Severe weather in the central Plains

June 19th, 2021 |

GOES-16 “Red” Visible (0.64 µm) images, with SPC Storm Reports plotted in red [click to play animation | MP4]

GOES-16 “Red” Visible (0.64 µm) images, with SPC Storm Reports plotted in red [click to play animation | MP4]

1-minute Mesoscale Domain Sector GOES-16 (GOES-East) “Red” Visible (0.64 µm) images (above) include time-matched plots of SPC Storm Reports — and showed severe thunderstorms across eastern Colorado, western Kansas and far southwestern Nebraska late in the day on 19 June 2021. Numerous pulsing overshooting tops were evident with many of these storms. Wind gusts to 88 mph were reported in Kansas

The corresponding 1-minute GOES-16 “Clean” Infrared Window (10.35 µm) images (below) displayed cloud-top infrared brightness temperatures as cold as -75 to -79ºC (brighter white pixels within dark black clusters) with some of the more robust overshooting tops.

GOES-16 “Clean” Infrared Window (10.35 µm) images, with SPC Storm Reports plotted in cyan [click to play animation | MP4]

GOES-16 “Clean” Infrared Window (10.35 µm) images, with SPC Storm Reports plotted in cyan [click to play animation | MP4]

Tropical Storm Claudette makes landfall along the central Gulf Coast

June 19th, 2021 |

MIMIC Total Precipitable Water (TPW) estimates, 1900 UTC 18 June 2021 – 1800 UTC 19 June 2021 (Click to enlarge)

The Potential Tropical Cyclone that has been moving northward through the Gulf of Mexico made landfall southwest of New Orleans, LA on Saturday 19 June as a minimal Tropical Cyclone. The animation of total precipitable water, above, from the MIMIC TPW website, shows that most of the storm’s moisture is east of the center. (The circulation of Pacific Tropical Storm Dolores is also apparent, making landfall near Punta San Telmo in Mexico) A percent-of-Normal plots from NOAA/NESDIS/OSPO, below, shows values about 150% of normal over much of the southeast USA. Consequently, Flash Flood Watches are in effect over much of southern Alabama northeastward into western North Carolina, as shown below.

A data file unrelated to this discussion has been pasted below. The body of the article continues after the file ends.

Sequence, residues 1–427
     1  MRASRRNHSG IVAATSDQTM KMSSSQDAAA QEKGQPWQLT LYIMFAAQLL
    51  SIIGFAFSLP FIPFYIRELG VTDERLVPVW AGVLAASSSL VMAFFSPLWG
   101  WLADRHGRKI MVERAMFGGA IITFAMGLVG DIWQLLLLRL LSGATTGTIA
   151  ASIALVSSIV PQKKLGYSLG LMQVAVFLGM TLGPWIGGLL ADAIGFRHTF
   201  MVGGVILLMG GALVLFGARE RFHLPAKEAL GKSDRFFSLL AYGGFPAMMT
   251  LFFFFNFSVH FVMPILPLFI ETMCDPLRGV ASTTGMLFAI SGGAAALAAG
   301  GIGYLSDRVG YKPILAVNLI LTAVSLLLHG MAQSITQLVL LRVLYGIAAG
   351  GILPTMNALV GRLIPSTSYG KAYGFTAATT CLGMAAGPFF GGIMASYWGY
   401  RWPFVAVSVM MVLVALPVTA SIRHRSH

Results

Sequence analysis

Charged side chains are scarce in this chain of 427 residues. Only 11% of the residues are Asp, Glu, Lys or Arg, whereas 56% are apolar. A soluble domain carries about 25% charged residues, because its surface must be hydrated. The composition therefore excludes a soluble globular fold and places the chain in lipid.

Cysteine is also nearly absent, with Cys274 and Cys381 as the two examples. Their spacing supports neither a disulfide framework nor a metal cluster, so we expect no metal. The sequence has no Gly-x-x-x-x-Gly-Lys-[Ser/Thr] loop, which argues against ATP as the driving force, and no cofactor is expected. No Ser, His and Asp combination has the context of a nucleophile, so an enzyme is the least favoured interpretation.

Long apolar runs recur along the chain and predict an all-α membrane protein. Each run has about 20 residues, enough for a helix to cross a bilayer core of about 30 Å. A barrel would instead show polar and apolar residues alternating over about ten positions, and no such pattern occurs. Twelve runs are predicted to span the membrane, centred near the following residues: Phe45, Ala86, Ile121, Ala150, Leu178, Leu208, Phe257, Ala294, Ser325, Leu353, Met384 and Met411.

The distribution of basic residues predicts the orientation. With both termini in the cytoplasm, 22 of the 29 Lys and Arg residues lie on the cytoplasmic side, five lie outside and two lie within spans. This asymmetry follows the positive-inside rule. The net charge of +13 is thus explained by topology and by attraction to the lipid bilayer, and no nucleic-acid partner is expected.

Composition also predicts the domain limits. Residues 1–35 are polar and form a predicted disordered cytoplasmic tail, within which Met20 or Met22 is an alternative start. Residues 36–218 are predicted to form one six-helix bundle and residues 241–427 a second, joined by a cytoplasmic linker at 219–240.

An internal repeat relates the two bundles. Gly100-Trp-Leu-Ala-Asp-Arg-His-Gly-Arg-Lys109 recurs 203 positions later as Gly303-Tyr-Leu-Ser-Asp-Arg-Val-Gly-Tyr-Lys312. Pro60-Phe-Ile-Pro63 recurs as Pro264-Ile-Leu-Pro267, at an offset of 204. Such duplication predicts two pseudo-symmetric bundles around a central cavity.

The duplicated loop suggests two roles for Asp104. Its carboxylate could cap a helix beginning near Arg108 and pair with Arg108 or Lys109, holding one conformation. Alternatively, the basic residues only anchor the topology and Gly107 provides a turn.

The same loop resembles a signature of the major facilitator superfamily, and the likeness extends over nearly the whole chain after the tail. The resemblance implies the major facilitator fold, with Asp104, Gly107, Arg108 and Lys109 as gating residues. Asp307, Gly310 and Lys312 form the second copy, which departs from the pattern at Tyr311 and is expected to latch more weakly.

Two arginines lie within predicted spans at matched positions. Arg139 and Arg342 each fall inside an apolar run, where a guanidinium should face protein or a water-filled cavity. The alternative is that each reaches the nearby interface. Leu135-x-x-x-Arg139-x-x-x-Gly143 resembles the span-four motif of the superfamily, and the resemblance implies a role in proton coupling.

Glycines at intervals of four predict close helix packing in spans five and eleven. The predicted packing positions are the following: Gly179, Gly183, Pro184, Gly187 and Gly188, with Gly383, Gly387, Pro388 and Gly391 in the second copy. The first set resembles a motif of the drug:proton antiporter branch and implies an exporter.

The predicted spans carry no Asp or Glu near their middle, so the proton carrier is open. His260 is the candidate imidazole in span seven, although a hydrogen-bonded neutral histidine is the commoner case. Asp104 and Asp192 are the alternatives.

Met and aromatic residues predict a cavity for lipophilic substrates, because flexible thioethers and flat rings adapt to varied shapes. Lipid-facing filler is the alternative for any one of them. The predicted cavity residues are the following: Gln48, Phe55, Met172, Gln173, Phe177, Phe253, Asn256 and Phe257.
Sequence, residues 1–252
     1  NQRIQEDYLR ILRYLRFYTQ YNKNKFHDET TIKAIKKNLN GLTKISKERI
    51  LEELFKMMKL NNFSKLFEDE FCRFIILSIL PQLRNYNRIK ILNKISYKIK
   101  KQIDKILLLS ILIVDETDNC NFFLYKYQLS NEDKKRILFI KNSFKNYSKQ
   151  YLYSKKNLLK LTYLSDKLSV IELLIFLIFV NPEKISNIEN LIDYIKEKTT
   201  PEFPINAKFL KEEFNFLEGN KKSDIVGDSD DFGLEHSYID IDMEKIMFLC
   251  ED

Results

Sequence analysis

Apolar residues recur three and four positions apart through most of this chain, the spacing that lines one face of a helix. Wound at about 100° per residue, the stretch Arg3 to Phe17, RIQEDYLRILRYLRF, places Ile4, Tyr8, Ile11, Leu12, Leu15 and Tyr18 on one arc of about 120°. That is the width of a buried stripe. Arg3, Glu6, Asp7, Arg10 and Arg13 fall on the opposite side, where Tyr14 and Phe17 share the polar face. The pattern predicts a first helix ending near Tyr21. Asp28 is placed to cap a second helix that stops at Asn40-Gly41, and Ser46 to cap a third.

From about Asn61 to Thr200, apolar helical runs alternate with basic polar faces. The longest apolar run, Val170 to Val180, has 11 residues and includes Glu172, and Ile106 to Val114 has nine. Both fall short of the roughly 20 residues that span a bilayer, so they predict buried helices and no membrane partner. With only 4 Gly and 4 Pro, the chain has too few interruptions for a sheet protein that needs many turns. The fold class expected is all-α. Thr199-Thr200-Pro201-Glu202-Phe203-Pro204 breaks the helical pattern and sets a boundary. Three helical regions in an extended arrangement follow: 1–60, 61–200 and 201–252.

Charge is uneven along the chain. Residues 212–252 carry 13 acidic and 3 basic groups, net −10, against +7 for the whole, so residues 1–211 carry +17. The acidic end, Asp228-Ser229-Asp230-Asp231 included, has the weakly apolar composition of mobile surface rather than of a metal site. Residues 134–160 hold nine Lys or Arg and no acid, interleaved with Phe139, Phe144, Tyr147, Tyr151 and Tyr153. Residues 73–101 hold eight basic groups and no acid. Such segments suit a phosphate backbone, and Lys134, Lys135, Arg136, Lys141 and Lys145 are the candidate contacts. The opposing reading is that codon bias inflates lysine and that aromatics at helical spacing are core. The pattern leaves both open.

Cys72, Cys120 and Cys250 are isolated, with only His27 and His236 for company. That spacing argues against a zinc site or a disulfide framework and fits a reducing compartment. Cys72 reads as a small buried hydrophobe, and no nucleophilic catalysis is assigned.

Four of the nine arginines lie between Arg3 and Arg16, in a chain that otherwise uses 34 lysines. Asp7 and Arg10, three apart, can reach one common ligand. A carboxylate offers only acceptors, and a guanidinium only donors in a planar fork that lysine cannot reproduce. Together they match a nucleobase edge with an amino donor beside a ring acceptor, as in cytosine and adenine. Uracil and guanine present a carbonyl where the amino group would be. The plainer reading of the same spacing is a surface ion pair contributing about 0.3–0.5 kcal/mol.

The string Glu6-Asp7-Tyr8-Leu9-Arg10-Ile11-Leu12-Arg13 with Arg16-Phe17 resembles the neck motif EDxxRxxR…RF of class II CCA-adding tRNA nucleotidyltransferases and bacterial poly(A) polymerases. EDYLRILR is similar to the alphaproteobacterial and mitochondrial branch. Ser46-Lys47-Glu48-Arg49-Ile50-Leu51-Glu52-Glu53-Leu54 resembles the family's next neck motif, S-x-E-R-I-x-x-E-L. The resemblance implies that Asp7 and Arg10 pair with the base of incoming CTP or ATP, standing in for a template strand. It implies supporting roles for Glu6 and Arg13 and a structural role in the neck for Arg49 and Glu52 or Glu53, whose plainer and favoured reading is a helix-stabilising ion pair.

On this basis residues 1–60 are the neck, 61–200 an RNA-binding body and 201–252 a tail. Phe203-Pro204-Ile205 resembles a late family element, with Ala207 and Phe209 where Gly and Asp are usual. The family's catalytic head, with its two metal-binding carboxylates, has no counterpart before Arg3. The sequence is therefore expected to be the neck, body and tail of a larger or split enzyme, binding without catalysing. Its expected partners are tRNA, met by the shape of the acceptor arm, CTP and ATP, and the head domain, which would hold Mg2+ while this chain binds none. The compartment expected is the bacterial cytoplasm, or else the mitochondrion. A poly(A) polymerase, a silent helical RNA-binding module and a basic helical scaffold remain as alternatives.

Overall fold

Percent-of-normal Blended Total Precipitable Water, 1800 UTC on 19 June 2021 (Click to enlarge)

Weather hazards at 1911 UTC on 19 June 2021 (Click to enlarge)

A True-Color image from CSPP Geosphere, below, taken from this link, shows the storm inland over southwestern Alabama; much of the rain and deep moisture with the storm remains to the east of the center.

True-Color imagery, 1921 UTC on 19 June 2021, from CSPP Geosphere (Click to enlarge)


24-hour precipitation ending 1200 UTC on 20 June 2021 (Click to enlarge)

24-hour precipitation totals (from this site) are shown above. The analysis shows a few spots in northern Alabama received 6-8″ of rain.

CMORPH2 estimates for the 24-hours of precipitation ending at 0000 UTC on 20 June (that is, 12 hours before the estimate above), from RealEarth, are shown below.

24-hour CMORPH2 precipitation total estimates for the time ending 0000 UTC on 20 June 2021 (Click to enlarge)

GSMaP (link) also shows satellite-derived precipitation estimates. The 24-hour estimate ending at 0000 UTC on 20 June is shown below.

GSMaP precipitation estimate for the 24 hours ending 0000 UTC on 20 June 2021 (Click to enlarge)

Severe weather associated with the landfall of Tropical Storm Claudette

June 19th, 2021 |

GOES-16 “Red” Visible (0.64 µm) images, with SPC Storm Reports plotted in red [click to play animation | MP4]

GOES-16 “Red” Visible (0.64 µm) images, with SPC Storm Reports plotted in red [click to play animation | MP4]

1-minute Mesoscale Domain Sector GOES-16 (GOES-East) “Red” Visible (0.64 µm) images (above) include time-matched plots of SPC Storm Reports — and showed severe thunderstorms associated with the landfall of Tropical Storm Claudette (surface analyses) early in the day on 19 June 2021. Numerous pulsing overshooting tops were evident with some of these storms.

The corresponding 1-minute GOES-16 “Clean” Infrared Window (10.35 µm) images (below) displayed cloud-top infrared brightness temperatures as cold as -80ºC (violet pixels) with some of the more robust overshooting tops. On both the Visible and Infrared images, Butler County, Alabama is outlined in blue — with Interstate Highways plotted in violet. A multi-vehicle accident with 10 fatalities occurred along Interstate 65 in far northeastern Butler County around 1830 UTC (2:30 PM local time); although no severe weather was reported in Butler County, the Infrared images showed cold cloud-top brightness temperatures moving northeastward over that area during much of the morning hours, so heavy rainfall and wet roads (with some residual areas of ponding water) may have been a contributing factor to this accident. Greenville in Butler County received 1.71 inches of rainfall — but not far to the southwest, Evergreen in Conecuh County received 3.16 inches of rainfall during the landfall of Claudette.

GOES-16 “Clean” Infrared Window (10.35 µm) images, with SPC Storm Reports plotted in cyan [click to play animation | MP4]

GOES-16 “Clean” Infrared Window (10.35 µm) images, with SPC Storm Reports plotted in cyan [click to play animation | MP4]

Additional details regarding Claudette’s abundant tropical moisture and resulting heavy rainfall can be found on this blog post.